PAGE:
I admit it. I have a whole slew of internet browsers installed on my computers. I keep looking for the perfect browser. In my mind, it needs to be fast, secure, compatible with every website known to browserkind, work miracles with Flash and Silverlight, and handle Java, HTML 5, and CSS3 perfectly. Oh, and render images perfectly regardless of format using hardware acceleration, allow me to customize it, give me a choice of search engines, let me run extensions to customize the experience, synchronize browser settings from different computers, and let me have everything that I want my way.
Is that too much to ask?
It used to be considerably easier. Previously, I only ran Windows and had my choice of Internet Explorer or Netscape Communicator. Even when I was forced to use a Macintosh computer, there still was a version of Internet Explorer that would make me feel at home. These good old days seem so long ago now. These browsing experiences were fairly similar and so I had a particular mindset as to what the browsing experience was.
I then read about this browser developed in Europe called Opera. I downloaded it and it was an eye opener for me. There actually was a different way to think about browsing the internet. This has started me on the search that I continue today.
So, on my computer, you’ll find instances of Internet Explorer, Opera, Google Chrome, Mozilla Firefox, Flock, Safari, and RockMelt and I rotate through them all regularly. As of late, my favourite has been Google Chrome, I will admit. I’m not alone – browser share is important to the individual developers. You’ll see them and their legions of fans scrambling to explain why a particular browser is better than the rest.
Thanks – http://upload.wikimedia.org/wikipedia/commons/0/04/Web_browser_usage_share.svg
The real winner in all of this is us, the end user. As each browser adds new features to it, it pushes the whole industry along to create better browsing experiences. For me, the timing of this post is especially important. Microsoft is releasing Internet Explorer 9 at the SXSW Conference. Recently, Google upgraded its browser to Version 10, Apple pushed out a new version of Safari, Firefox has a Release Candidate for Version 4, Opera is now at Version 11, and the upgrade paths continue. What’s really nice though is that all of these browsers are adding features and making things better with each release. These better things include making your time on the internet safer.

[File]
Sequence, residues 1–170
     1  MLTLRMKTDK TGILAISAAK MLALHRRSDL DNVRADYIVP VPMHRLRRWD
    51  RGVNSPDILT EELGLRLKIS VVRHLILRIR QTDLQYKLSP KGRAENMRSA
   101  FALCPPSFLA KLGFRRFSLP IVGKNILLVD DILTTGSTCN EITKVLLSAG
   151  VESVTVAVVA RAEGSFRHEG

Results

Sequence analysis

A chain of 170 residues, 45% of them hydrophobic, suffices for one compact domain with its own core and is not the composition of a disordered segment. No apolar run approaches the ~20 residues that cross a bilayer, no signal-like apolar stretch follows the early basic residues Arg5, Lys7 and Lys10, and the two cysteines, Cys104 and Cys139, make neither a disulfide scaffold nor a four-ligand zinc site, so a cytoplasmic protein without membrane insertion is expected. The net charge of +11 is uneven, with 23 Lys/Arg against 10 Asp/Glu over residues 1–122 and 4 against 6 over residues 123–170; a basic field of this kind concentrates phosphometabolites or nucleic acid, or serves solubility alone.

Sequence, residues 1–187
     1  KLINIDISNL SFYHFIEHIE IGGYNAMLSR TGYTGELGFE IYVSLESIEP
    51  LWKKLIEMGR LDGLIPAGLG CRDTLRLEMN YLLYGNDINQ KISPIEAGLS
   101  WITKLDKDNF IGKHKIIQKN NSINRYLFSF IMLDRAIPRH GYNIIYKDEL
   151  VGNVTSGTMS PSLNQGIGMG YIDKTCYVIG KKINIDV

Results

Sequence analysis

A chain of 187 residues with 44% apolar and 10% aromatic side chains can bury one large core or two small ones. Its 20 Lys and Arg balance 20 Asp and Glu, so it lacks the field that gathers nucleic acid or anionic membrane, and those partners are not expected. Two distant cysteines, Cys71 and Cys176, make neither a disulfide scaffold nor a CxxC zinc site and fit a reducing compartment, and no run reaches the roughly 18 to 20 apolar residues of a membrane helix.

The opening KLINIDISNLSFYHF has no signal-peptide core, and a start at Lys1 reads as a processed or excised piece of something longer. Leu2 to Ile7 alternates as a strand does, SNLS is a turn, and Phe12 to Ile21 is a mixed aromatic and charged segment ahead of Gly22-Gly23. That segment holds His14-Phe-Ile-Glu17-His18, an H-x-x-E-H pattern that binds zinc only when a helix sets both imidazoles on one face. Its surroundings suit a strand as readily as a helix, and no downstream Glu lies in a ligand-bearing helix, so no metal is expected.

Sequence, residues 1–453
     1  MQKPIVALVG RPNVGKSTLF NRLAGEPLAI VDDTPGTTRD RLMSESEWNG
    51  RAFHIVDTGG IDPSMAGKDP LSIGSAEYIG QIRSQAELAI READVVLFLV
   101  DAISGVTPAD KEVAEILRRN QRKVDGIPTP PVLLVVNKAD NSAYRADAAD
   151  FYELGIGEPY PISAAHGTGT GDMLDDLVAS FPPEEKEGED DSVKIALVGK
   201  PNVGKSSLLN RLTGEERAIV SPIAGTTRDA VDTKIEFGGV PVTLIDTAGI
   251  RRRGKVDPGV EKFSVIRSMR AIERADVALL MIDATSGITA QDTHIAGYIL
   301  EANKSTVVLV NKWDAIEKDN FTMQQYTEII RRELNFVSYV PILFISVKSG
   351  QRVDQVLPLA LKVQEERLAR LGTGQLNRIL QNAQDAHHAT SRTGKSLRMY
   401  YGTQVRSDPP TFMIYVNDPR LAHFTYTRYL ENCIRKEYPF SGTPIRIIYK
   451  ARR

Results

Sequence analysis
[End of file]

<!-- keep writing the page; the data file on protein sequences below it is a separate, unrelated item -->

I suppose the biggest thing for me was the incorporation of hardware acceleration in the browser. Microsoft demonstrated it nicely with an earlier Beta of the Internet Explorer browser and I did sit up and take notice. With the hardware at work rather than the software at doing graphics, it flew. I just wish that some smart developers could work their magic with Flash and Silverlight in this manner. There’s nothing quite so warm as a computer fan picking up speed to try and cool off the i7 processor doing its best to keep up.
I don’t think there’s a bad browser in the bunch but here are my current thoughts about each.
Unfortunately, I see this browser in a downward spiral. It used to be THE browser – nothing else came close. But, security issues became apparent and patch after patch was pushed out to try to make the browser safe. With a huge market share, it was the perfect target for designers of malware. As one patch was applied, another security flaw appeared. It’s tough being number one. As Internet Explorer’s problems became apparent, it really presented opportunities for other browsers to get fans. In advance of the release of Version 9, the Internet Explorer 6 Countdown was given. It’s hard to believe that, in this world of heightened security, a ten year old browser is still seen as safe to use. Internet Explorer 9 is build with security in mind and the promise is to make the web a beautiful thing. I’ll be grabbing a copy on March 14 to experience it myself. This might be enough to stop the spiral.